First, and most importantly, it made the federal government more accountable to state governments. State legislatures originally selected Senators to serve as the state’s agents in the federal government, and act on the state’s behalf. These agents performed the necessary check on the House of Representatives by ensuring that the federal government did not pass legislation that would impose onerous burdens on the states. Further, because only the Senate can ratify treaties and confirm judicial and executive appointees, the original system gave the states a voice in these important national issues. Second, the original method of selecting Senators established true bicameralism in the federal government…The House of Representatives represented the people, while the Senate represented the states. The best way to ensure that the federal legislature did not pass legislation that benefited special interests was to divide the legislature into different branches, with members that were selected using different systems, and delegated different functions.[149]

 

Paul Moreno, a Constitutional historian, stated that the 17th Amendment “presented a fundamental alteration to the structure of the Constitution.”[150] “Perhaps what made the Seventeenth Amendment a ‘progressive’ measure was its weakening of constitutional limitations, which stood in the way of democratic, monarchial, oligarchial, or technocratic power alike,” stated Moreno.[151]

 

It will be difficult to return to the original method of electing Senators by state legislatures. Attorney General Zoeller described this process as well as a unique additional option for his state of Indiana in repealing the 17th Amendment:

 

Indiana could repeal the Seventeenth Amendment either by ratifying an amendment passed by both houses of Congress that repeals the Seventeenth Amendment or by calling a constitutional convention and instruct their states’ delegations to pass an amendment repealing the Seventeenth Amendment; or Indiana could pass a law that allows the state legislature to select the two candidates who will represent their parties in the general election. Although each method would achieve a similar result, if Indiana wishes to act on its own…passing its own law is the most efficient option as the Article V amendment process requires action in other states as well as Indiana.[152]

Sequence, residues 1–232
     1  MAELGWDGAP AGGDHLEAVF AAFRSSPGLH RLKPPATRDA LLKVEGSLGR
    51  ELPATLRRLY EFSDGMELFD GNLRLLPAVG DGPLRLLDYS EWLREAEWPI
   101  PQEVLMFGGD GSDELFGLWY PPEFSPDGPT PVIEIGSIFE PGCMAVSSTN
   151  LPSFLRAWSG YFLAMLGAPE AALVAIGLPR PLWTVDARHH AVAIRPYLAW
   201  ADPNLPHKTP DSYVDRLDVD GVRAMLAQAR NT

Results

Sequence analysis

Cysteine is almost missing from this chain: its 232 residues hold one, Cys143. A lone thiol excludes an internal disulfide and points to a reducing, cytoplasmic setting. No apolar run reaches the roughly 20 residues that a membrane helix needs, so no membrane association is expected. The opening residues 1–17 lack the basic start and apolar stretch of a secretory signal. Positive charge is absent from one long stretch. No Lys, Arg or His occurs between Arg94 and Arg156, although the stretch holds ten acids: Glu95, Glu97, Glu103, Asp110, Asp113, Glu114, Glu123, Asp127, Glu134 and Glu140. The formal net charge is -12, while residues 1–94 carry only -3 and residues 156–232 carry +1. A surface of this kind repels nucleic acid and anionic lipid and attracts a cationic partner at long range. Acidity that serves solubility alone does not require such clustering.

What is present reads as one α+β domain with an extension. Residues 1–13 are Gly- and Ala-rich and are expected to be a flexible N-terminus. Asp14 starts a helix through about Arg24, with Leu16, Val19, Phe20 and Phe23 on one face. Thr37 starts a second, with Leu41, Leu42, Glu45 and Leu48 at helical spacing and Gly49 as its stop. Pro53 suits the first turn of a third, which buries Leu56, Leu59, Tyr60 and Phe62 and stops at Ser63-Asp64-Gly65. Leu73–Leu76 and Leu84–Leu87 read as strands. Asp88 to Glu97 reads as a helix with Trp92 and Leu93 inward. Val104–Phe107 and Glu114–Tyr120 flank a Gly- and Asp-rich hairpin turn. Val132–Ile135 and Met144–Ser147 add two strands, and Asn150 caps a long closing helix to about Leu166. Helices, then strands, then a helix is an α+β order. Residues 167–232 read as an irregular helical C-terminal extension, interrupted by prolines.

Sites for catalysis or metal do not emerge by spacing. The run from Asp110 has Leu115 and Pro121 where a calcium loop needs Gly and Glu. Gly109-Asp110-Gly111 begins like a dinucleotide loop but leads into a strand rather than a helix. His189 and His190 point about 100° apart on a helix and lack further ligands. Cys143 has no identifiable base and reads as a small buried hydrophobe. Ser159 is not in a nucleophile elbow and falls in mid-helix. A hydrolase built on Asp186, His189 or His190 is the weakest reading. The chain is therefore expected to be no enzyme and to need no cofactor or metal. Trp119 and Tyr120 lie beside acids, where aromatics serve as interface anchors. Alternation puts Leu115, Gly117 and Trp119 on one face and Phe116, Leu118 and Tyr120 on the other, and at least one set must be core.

The Progressive Movement also harmed traditional constitutional limited government by its political philosophy. President Theodore Roosevelt and President Woodrow Wilson believed in the progressive notion that the Constitution was an outdated document and that limited government could not handle the problems of a modern, advanced, technological nation as the United States became in the 20th century. Both Roosevelt and Wilson believed in the administrative state, which was a progressive view that through government regulation and public administration, apolitical bureaucrats would work for the common good. Since progressives viewed Congress and the state legislatures as prone to corruption and preventing the passage of progressive legislation, the President (using the Bully Pulpit as Roosevelt said) and the administrative state would be able to regulate the economy and promote justice. As Matthew Spalding states:

 

In this new conception of the state, government is unlimited, subject only to the perceived wants of the popular will, under the forward looking guidance of progressive leadership. Its form is administrative and bureaucratic, run more and more by government experts and bureaucrats not subject to popular consent. The objective of this new theory is to turn government into a dynamic, evolving rational state, constantly changing and growing to achieve more Progress.[153]

 

The progressives saw the centralization of government as a good sign, and many even looked to Europe and socialist Russia as examples. Wilson, who was a political scientist and a reform-minded Governor of New Jersey before being elected President, argued that the Constitution was a “living” document that can change with the times. In other words the Constitution was not static and fixed, but it was subject to the laws of evolutionary Darwinism. A Constitution that limited government power was contradictory to the progressive philosophy of a powerful central government and expanding “rights” provided by the federal government.